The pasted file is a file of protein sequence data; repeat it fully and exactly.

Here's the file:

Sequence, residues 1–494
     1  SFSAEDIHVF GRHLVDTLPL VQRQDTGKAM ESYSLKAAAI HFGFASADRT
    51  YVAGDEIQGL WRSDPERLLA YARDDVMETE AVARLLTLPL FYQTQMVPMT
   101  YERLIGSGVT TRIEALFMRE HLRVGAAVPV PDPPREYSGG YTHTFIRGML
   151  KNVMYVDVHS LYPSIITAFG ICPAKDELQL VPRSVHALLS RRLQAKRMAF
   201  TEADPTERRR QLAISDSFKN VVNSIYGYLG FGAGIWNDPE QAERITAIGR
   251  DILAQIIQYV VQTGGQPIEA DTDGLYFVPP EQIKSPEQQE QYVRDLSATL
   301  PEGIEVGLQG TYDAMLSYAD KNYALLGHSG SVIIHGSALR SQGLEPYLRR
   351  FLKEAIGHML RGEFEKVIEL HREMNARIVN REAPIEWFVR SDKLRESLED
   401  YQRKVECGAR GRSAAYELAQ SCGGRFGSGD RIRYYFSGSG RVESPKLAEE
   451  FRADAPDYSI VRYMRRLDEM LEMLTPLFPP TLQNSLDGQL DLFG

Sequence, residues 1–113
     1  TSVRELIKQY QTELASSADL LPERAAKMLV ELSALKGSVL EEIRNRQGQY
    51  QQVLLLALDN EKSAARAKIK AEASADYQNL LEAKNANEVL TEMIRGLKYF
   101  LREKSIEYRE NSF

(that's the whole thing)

Sequence, residues 1–494
     1  SFSAEDIHVF GRHLVDTLPL VQRQDTGKAM ESYSLKAAAI HFGFASADRT
    51  YVAGDEIQGL WRSDPERLLA YARDDVMETE AVARLLTLPL FYQTQMVPMT
   101  YERLIGSGVT TRIEALFMRE HLRVGAAVPV PDPPREYSGG YTHTFIRGML
   151  KNVMYVDVHS LYPSIITAFG ICPAKDELQL VPRSVHALLS RRLQAKRMAF
   201  TEADPTERRR QLAISDSFKN VVNSIYGYLG FGAGIWNDPE QAERITAIGR
   251  DILAQIIQYV VQTGGQPIEA DTDGLYFVPP EQIKSPEQQE QYVRDLSATL
   301  PEGIEVGLQG TYDAMLSYAD KNYALLGHSG SVIIHGSALR SQGLEPYLRR
   351  FLKEAIGHML RGEFEKVIEL HREMNARIVN REAPIEWFVR SDKLRESLED
   401  YQRKVECGAR GRSAAYELAQ SCGGRFGSGD RIRYYFSGSG RVESPKLAEE
   451  FRADAPDYSI VRYMRRLDEM LEMLTPLFPP TLQNSLDGQL DLFG

Sequence, residues 1–113
     1  TSVRELIKQY QTELASSADL LPERAAKMLV ELSALKGSVL EEIRNRQGQY
    51  QQVLLLALDN EKSAARAKIK AEASADYQNL LEAKNANEVL TEMIRGLKYF
   101  LREKSIEYRE NSF